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The Windsor Framework: MHRA to have power to licence all types of medicines to be supplied in the United Kingdom in single pack

The European Commission and the United Kingdom government announced on Monday that they have come to agreement on measures to alleviate the remaining practical difficulties in the supply of medicines to Northern Ireland that had arisen in the wake of the departure of the UK from the European Union in 2021.

The Northern Ireland Protocol to the Withdrawal Agreement had left Northern Ireland within the EU single market with the consequence that the EU pharmaceutical acquis remained applicable in Northern Ireland whilst UK law applied in the rest of the UK. This was always an uneasy compromise with the MHRA able to authorise medicines for Northern Ireland only on the basis of EU Directive 2001/83. Novel medicines, including innovative cancer medicines that were required to be authorised by the EMA in the EU, could not be authorised for Northern Ireland by the MHRA but could circulate in Northern Ireland on the basis of a European Union marketing authorisation. Since almost all such medicines are supplied to Northern Ireland from Great Britain, some manufacturers were choosing not to launch novel products in Northern Ireland as it is a very small market which might not justify the commercial investment in a separate pack. 

A similar problem had initially arisen in relation to generic medicines but this appeared to have been substantially mitigated by amendments to Directive 2001/83 in April 2022 permitting the MHRA to authorise single packs that could be placed on the market in all of the four nations.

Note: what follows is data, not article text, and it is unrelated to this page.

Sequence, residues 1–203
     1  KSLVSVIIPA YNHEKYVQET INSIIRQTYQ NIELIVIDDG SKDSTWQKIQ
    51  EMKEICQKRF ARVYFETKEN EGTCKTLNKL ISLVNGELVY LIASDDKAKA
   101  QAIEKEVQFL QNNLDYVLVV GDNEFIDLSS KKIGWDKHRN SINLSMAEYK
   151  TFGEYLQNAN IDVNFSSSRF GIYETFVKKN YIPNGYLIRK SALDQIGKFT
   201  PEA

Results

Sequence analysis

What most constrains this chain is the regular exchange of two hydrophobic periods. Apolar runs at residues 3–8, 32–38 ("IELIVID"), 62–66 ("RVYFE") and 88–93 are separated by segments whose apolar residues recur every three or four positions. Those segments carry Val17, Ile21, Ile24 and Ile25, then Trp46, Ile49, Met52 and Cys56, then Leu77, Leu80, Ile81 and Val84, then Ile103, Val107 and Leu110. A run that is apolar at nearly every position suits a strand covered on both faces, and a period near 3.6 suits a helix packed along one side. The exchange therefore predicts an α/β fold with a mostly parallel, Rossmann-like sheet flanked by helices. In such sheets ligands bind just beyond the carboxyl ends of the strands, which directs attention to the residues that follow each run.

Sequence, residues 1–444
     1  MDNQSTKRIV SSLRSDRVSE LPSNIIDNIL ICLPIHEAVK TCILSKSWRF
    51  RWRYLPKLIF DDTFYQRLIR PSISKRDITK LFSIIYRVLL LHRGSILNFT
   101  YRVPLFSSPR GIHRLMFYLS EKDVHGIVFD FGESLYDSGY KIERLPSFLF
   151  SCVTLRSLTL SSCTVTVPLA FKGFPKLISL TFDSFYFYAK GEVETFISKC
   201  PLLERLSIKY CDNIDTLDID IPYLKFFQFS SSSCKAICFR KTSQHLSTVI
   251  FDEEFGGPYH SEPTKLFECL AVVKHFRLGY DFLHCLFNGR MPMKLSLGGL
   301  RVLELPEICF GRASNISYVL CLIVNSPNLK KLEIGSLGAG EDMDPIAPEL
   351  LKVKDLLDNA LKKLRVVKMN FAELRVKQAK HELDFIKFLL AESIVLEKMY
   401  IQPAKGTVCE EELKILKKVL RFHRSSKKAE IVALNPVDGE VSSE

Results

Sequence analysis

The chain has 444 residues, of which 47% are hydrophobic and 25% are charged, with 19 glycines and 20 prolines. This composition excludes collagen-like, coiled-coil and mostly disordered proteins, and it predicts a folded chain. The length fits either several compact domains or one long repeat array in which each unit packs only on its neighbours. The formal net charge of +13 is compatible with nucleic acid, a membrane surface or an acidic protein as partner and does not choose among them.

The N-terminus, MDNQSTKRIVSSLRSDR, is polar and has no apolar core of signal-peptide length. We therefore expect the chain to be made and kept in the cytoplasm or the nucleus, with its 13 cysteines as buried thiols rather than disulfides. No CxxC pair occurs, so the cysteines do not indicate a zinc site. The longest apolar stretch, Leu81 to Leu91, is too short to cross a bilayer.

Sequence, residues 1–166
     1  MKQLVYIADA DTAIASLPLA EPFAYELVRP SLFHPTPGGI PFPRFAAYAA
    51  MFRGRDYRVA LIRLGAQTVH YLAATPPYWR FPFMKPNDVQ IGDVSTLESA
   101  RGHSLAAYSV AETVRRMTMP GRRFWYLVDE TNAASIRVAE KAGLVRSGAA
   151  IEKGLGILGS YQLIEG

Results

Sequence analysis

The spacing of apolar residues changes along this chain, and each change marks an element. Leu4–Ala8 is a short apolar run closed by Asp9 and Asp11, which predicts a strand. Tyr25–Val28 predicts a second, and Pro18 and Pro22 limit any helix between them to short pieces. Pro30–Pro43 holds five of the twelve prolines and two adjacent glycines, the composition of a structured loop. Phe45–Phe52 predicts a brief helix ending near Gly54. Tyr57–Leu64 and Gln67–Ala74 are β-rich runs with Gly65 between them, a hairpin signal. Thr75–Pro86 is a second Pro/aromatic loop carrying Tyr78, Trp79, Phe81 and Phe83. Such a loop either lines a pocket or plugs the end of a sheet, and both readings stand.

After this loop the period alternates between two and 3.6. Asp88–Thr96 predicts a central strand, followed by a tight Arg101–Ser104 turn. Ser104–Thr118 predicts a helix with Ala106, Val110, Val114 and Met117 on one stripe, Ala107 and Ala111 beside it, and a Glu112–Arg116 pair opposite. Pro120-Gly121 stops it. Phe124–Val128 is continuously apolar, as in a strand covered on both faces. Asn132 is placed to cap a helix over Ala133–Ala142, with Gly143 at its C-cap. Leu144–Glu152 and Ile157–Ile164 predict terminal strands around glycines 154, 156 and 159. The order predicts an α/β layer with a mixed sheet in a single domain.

The Windsor Framework attempts to deal with a number of issues that had been causing effective tariff and non-tariff barriers affecting trade between Great Britain and Northern Ireland. It acknowledges that the supply of medicines is an essential state function and there remained a gap with respect to the UK’s ability to authorise innovative medicines for Northern Ireland. Northern Ireland continued to be exposed, in addition, to any future regulatory divergence between the UK and EU rules. This could become significant in the context of the soon to be published proposals for substantial revisions to the EU pharmaceutical acquis. The EU and the UK agreed that this was not a sustainable way forward. 

“A comprehensive carve-out from EU rules...asserting the primacy of UK regulation.”

The MHRA will be able to approve all drugs for the whole UK market enabling all types of medicines to be supplied in single packs, within UK supply chains, with a single licence for the whole UK. The EMA will no longer have any role in approving medicines for Northern Ireland.

In order that single packs can be a reality, the whole of the EU Falsified Medicines Directive would be disapplied for Northern Ireland.

The UK government will be consulting on the necessary changes to UK law to bring the elements of the Windsor Framework applicable to medicines into effect.

Meanwhile, the EU has published a draft Regulation whose main effect is to declare that medicines to be authorised by the EMA pursuant to the provisions of Regulation 726/2004 shall not be placed on the market in Northern Ireland. Medicinal products belonging to the categories referred to in Article 3(1) and (2) of Regulation (EC) No 726/2004 ,i.e. those which would otherwise be authorised by the European Medicines Agency, may be placed on the market in Northern Ireland if the competent authorities of the United Kingdom have authorised the placing on the market of the product in accordance with the law of the United Kingdom and under the terms of the authorisation granted by the competent authorities of the United Kingdom. The medicinal product concerned must be conspicuously labelled “UK only”. The UK is to provide the EU with written guarantees with respect to enforcement and monitoring of compliance with the UK-only labelling requirements and the non-application of the requirements of the Falsified Medicines Directive to medicines being placed on the Northern Irish market and to ensuring that EU centrally authorised medicines are not placed on the Northern Irish market. The draft Regulation is proposed to apply from the first day of the month following the month during which the UK provides these written guarantees.  

On a separate note, simplification of the VAT and excise arrangements for Northern Ireland means that Northern Ireland’s position within the UK’s VAT and excise area is guaranteed while still maintaining frictionless arrangements for businesses, including healthcare and life sciences businesses, in Northern Ireland trading with the EU.